What did San Luis Rey endure in those fateful hours on Dec. 7 as the fire ambushed stalls holding about 450 horses? Animal hide was discovered on an aluminum gate along the track’s inside rail — far from the flames — a jarring sign of the chaos that swirled.

Outside of Barn E, the car of trainer Martine Bellocq was gutted by flames so white-hot that the wheel rims melted into molten puddles as its driver rushed to save as many horses as possible. Bellocq suffered second- and third-degree burns over 50 percent of her body.

Near Barn L, someone jumped from a feed truck to fight the fire before the vehicle was engulfed along an open roadway — reduced to nothing more than frame and axles.

Trainer Peter Miller, who had been working at Los Alamitos, was forced to wait outside San Luis Rey for an hour as police locked down the area. When he finally navigated his way onto the still-burning property, he was stunned by the scene.

“It was like a nightmare,” said Miller, an Encinitas resident who had more than 75 horses stabled at the facility. “Like a living nightmare. Words can’t describe seeing the horses in their stalls. The smoke and the fire were still going. It was surreal.

“It was worse than I ever could have imagined. Much worse.”

The chilling setting horrified Leandro Mora, too. The assistant to trainer Doug O’Neill, who molded Kentucky Derby winners Nyquist and I’ll Have Another, held onto a pair of horses as he coughed and weighed it all through stinging eyes.

“Right then, two horses ran by,” said Mora, a 40-year veteran who paused at the memory. “They were burned from end to end, the hair was gone and they were screaming. That’s the moment when I made the decision to let our horses go.

“That’s going to be in my brain the rest of my life. That’s ugly. Ugly stuff.”

Kevin Habell, San Luis Rey’s general manager, pulled a small, stuffed horse with a handwritten note pinned to it from the back of his truck while touring the charred site Thursday. Workers said the gift was dropped at the gate of the 240-acre facility by a young girl.

May these sweet angels run free around God’s track

So sorry for your loss

Our thoughts and prayers are with you all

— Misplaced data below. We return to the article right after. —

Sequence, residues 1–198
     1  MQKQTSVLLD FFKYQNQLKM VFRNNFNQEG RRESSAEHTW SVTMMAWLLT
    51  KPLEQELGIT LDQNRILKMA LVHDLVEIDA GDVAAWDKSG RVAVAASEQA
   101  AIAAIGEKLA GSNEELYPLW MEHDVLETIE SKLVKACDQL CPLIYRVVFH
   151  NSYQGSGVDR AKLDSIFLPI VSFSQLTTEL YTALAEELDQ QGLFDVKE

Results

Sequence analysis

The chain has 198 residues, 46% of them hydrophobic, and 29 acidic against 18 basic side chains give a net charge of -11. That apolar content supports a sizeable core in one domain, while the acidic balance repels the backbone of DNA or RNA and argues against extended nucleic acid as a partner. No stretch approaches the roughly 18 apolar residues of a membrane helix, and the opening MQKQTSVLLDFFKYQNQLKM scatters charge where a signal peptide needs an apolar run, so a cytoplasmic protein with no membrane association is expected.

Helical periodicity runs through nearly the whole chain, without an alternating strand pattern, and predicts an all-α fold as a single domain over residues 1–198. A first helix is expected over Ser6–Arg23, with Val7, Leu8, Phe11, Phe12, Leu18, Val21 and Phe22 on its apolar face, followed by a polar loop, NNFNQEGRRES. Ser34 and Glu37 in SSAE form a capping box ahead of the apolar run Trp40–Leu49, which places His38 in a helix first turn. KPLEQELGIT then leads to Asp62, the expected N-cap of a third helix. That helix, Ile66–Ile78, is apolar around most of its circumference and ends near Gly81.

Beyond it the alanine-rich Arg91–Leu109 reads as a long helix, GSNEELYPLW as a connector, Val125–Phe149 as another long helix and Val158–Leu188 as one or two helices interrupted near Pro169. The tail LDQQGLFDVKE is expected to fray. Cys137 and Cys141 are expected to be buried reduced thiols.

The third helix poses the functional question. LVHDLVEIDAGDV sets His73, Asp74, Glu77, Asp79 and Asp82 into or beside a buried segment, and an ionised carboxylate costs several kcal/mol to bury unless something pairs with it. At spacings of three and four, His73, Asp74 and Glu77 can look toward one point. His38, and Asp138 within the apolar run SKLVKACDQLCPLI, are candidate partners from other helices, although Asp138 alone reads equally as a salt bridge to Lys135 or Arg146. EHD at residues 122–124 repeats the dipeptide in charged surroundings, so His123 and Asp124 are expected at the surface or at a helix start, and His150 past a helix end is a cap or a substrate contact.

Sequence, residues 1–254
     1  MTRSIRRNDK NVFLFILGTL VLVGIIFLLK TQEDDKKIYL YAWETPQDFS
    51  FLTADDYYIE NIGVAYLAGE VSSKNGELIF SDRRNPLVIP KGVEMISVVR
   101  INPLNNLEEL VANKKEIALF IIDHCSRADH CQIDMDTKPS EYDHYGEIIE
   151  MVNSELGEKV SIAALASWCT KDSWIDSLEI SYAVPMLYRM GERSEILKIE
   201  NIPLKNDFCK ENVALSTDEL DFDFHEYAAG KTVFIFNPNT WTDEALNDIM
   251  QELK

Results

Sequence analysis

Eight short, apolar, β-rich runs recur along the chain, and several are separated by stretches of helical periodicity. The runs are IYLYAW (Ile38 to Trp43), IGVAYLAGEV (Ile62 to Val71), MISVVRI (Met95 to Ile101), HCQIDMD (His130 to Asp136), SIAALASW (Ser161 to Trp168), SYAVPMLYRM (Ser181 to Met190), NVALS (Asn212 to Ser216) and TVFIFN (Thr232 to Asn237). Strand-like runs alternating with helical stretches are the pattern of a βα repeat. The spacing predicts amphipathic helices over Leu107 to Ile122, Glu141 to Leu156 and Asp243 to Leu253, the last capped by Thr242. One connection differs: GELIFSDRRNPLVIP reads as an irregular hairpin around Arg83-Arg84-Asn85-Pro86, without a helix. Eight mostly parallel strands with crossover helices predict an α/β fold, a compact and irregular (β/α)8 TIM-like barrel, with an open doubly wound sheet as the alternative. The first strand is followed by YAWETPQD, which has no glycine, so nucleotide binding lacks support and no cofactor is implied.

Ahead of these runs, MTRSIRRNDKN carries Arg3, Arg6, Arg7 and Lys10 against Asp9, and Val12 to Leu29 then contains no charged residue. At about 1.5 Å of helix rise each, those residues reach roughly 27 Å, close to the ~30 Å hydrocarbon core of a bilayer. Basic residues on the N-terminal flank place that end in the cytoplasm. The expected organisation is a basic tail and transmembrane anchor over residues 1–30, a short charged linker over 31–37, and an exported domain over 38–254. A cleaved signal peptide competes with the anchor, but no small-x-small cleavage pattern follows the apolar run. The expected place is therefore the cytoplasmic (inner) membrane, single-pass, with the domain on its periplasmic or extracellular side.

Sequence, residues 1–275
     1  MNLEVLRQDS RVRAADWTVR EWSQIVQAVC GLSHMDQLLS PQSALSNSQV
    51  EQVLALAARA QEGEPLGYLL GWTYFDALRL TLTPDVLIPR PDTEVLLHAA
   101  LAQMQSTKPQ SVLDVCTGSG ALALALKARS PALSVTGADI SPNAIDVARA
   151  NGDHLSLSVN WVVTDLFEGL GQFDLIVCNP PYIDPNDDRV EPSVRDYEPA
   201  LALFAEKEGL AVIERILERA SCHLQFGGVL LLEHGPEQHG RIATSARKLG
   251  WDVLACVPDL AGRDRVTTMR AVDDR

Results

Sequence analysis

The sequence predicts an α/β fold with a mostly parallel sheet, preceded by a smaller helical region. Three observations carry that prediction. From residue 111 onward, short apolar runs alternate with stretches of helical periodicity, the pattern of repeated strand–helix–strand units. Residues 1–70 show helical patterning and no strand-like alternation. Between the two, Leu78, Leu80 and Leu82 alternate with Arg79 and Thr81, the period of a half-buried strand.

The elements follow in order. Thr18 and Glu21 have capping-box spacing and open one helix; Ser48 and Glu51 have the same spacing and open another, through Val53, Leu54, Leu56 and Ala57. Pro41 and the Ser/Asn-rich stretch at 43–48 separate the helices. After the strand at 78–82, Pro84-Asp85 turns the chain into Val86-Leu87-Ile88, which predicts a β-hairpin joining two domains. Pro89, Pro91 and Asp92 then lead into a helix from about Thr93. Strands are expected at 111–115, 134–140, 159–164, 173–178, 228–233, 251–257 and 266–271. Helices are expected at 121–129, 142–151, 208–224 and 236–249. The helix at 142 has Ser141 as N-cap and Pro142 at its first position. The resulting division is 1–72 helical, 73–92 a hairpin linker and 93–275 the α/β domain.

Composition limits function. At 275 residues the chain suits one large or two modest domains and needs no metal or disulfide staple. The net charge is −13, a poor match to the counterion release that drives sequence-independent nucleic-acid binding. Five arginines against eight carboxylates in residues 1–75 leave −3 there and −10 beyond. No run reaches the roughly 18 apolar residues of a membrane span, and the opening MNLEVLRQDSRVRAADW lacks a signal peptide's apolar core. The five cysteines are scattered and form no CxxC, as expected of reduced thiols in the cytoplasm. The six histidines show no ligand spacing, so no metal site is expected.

Your Bonsall neighbors

“Oh man, I’m going to cry again,” Habell whispered.

The fire burned out. The human spirit? Hardly.

Dr. Potenza with one of her patients.

‘Images will never go away’

So many horses were involved that it quickly became a confusing and overwhelming scene – for humans and animals alike. California Diamond, a Miller-trained star who won nearly $500,000, had been set free during the fire, only to return to his stall and an unwitting death sentence.

“That’s their home,” Miller reasoned. “He was one of the coolest, neatest, kindest, gamest horses I’ll ever have. When I saw him in there, my heart sank.”

The night of the fire, Miller visited neighboring Trifecta Farms. Rumblings circulated that Conquest Typhoon, the 2014 winner of the Del Mar’s Cecil B. DeMille Stakes, had found his way there.

“He was unrecognizable,” said Miller, staring at the ground. “His head was swollen and the hair was singed. It was horrific. Those images will never go away.”

Potenza and Huggons triaged Conquest Typhoon, smothering him in silver-and-white burn ointment and love. Potenza’s sister stayed overnight to feed the horse applesauce and grain-mash soup. On Thursday, he bounced around the edge of hospital stall while gobbling up bananas.

The veterinarians helped walk horses down Camino del Rey to Trifecta Farms. Jumping in proved critical, because blocked roads made it impossible for horse-hauling vehicles to reach the track.

At one point, Potenza and an equine hospital intern drove past a police barricade with lights flashing in pursuit.

“I understand what they were doing,” Potenza said. “They’re worrying about human life first. They said humans were the main concern. I said, ‘Not for us.’ ”

Potenza and the others were able to lead about 100 horses away from the fire that burned so intensely it melted restroom porcelain, meaning the temperature exceeded 3,200 degrees Fahrenheit.

“If (all involved) don’t react like that, they lose 200 horses,” Del Mar spokesman Mac McBride said.

David Jerkens, Del Mar’s racing secretary, jumped in: “At least.”

“It could have been one of the greatest horse tragedies in the history of this country,” McBride said.

The veterinarians sewed up lacerations under headlamps, leveraging unique detective work to identify horses. They figured out one by pinpointing specific shoeing nails imported from Europe.

“One cool story,” Potenza said. “We had just discharged a little filly with colic that morning. I found her that night, around 10:30, and recognized a catheter incision. She let me lead her all the way back with just bailing twine.”

Yet in that horrible wake, goodness refuses to relent.

Horse owner Joe Ciaglia bought 200 pairs of shoes to give to displaced workers. An anonymous donor cut a check for $28,000, allowing Del Mar employees to hand out $400 envelopes to 70 workers this week.